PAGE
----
Some people with achy joints and arthritis swear that weather influences their pain. New research, perhaps the deepest, data-based dive into this suggestion, finds that weather conditions in 45 U.S. cities are indeed associated with Google searches about joint pain.
But it might not be the association you’d expect.
As temperatures rose within the study’s focus span of 23 degrees to 86 degrees Fahrenheit, searches about knee and hip pain rose steadily, too. Knee-pain searches peaked at 73 degrees and were less frequent at higher temperatures. Hip-pain searches peaked at 83 degrees and then tailed off. Rain actually dampened search volumes for both.
The findings, to be published Aug. 9 in PLOS ONE, indicate that people’s activity level – increasing as temperatures rise, to a point – is likelier than the weather itself to cause pain that spurs online searches, say investigators from UW Medicine in Seattle and Harvard University.
“We were surprised by how consistent the results were throughout the range of temperatures in cities across the country,” said Scott Telfer, a researcher in orthopedics and sports medicine at the University of Washington School of Medicine. He collaborated with Nick Obradovich, a postdoctoral fellow in science, technology and public policy at Harvard.
The investigators used Google Trends, a resource that reflects global use of the company’s search engine. They created search strings of words and phrases for hip pain, knee pain and arthritis, as well as a control search related to stomach pain.
From the 50 most populous U.S. cities, they sought daily summaries of local weather data from Jan. 1, 2011, to Dec. 31, 2015. The data included temperature, precipitation, relative humidity and barometric pressure – variables previously suggested as associated with increases in musculoskeletal pain. Five cities were dropped from the final results due to incomplete data.
Google Trends expresses data in weekly, not daily, increments, which slightly limited the findings’ precision vis-à-vis time. Temperatures and searches below 23 degrees were aggregated into one group, as were temperatures and searches above 86 degrees. Those two groups of combined temperatures correspond with somewhat less scientific confidence, Telfer acknowledged, but the trend of fewer searches, relative to both 23 and 86 degrees, was evident in each group.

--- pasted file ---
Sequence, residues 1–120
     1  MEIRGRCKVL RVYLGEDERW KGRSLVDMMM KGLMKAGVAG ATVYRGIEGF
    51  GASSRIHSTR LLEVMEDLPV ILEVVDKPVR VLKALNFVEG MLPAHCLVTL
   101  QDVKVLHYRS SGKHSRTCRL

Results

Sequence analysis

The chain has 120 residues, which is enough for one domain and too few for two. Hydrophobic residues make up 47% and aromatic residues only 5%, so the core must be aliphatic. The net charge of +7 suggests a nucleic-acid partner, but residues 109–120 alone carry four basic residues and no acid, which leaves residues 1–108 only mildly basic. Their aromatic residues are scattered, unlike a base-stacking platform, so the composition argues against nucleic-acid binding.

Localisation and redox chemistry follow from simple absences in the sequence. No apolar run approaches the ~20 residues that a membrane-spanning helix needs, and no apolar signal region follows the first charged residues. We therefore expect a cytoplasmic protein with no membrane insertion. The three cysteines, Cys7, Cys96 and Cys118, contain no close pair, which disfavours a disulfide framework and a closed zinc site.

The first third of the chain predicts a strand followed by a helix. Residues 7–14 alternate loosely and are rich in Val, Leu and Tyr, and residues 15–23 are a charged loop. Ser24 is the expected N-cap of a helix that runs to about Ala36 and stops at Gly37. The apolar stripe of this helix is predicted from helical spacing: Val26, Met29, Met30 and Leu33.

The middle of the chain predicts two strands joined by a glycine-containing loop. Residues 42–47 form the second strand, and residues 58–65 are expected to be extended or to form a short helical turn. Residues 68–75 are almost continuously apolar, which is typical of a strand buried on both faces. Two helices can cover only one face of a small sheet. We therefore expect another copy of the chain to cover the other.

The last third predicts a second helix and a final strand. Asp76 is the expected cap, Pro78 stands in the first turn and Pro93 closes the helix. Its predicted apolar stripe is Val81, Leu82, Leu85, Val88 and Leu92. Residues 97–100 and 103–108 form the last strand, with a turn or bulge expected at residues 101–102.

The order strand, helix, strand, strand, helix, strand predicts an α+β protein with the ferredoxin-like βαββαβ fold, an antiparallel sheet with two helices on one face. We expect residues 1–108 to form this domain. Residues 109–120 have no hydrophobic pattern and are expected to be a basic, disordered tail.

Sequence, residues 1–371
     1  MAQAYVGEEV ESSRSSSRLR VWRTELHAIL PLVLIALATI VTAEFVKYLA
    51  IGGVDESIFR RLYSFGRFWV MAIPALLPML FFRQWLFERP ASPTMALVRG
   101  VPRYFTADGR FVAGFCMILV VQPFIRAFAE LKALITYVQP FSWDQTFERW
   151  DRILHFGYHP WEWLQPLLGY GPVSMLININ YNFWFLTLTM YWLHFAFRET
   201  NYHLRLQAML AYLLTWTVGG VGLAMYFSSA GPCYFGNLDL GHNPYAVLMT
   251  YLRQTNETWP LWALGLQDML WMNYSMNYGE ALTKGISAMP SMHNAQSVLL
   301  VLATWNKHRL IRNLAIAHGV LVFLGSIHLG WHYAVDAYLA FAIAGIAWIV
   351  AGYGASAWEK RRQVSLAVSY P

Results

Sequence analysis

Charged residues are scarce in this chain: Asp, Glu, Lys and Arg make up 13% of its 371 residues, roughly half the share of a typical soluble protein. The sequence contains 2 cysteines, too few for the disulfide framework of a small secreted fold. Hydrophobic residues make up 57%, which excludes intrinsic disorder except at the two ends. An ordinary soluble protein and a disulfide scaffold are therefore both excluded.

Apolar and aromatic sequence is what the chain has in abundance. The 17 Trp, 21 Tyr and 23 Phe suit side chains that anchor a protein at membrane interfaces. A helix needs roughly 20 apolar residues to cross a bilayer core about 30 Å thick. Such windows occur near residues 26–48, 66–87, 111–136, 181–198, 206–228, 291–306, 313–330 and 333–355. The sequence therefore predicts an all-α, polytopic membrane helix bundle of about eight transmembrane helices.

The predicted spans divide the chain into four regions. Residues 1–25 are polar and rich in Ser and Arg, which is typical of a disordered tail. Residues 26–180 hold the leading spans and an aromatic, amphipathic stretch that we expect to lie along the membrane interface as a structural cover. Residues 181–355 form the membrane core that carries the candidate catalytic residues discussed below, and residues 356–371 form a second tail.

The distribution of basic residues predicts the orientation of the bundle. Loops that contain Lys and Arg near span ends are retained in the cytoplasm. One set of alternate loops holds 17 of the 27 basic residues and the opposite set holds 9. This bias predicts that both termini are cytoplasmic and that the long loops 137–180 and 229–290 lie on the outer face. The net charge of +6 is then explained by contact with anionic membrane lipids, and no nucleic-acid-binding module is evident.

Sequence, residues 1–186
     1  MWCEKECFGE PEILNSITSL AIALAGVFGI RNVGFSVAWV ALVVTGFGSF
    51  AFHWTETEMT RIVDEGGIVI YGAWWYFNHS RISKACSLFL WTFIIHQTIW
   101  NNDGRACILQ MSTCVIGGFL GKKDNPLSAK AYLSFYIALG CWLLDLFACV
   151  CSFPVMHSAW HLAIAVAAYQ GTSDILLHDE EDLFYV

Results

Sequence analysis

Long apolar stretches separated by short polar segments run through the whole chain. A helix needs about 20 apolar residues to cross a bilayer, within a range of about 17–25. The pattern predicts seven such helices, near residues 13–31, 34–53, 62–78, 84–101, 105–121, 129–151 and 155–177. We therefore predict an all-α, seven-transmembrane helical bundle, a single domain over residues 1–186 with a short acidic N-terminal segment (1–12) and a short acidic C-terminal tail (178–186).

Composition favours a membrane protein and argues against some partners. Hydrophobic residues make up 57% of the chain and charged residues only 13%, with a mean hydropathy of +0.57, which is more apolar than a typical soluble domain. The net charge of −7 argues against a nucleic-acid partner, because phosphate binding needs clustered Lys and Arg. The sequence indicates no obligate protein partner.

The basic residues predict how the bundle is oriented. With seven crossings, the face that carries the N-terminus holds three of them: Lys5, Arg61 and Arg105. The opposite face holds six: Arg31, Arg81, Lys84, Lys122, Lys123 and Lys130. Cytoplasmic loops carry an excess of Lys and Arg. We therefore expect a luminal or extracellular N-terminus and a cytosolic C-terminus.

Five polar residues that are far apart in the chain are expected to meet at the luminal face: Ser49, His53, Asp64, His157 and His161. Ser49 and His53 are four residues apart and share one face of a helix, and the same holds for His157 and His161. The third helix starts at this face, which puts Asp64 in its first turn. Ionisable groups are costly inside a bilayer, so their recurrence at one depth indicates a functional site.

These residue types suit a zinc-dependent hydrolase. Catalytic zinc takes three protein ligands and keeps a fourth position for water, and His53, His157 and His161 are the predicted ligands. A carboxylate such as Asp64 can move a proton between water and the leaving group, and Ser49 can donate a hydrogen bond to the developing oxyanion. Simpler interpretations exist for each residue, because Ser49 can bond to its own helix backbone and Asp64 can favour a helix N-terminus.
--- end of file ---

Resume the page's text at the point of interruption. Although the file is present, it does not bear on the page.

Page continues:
Among the weather variables, only temperature and precipitation were found to have statistically significant associations, and only with searches for knee and hip pain. Searches about arthritis, which Telfer said was the study’s impetus, had no discernible correlation with weather factors.
“You hear people with arthritis say they can tell when the weather is changing,” he said. “But with past studies there’s only been vague associations, nothing very concrete, and our findings align with those.”
The stomach-pain searches functioned well as a control: Those volumes were greater at low and high temperature extremes and ebbed in mild temperatures, a very different pattern from the knee- and hip-pain searches.
Because knee- and hip-pain searches increased as temperatures rose until it grew uncomfortably hot, and rainy days tended to slightly reduce search volumes for hip and knee pain, the researchers inferred that “changes in physical activity levels” were primarily responsible for those searches.
“We haven’t found any direct mechanism that links ambient temperature with pain. What we think is much more likely explanation is the fact that people are more active on nice days, so more prone to have overuse and acute injuries from that and to search online for relevant information. That’s our hypothesis for what we’ll explore next,” Telfer said.
The interest in using internet data, he added, stems from the fact that web searches are increasingly people’s first response to experiencing adverse health symptoms.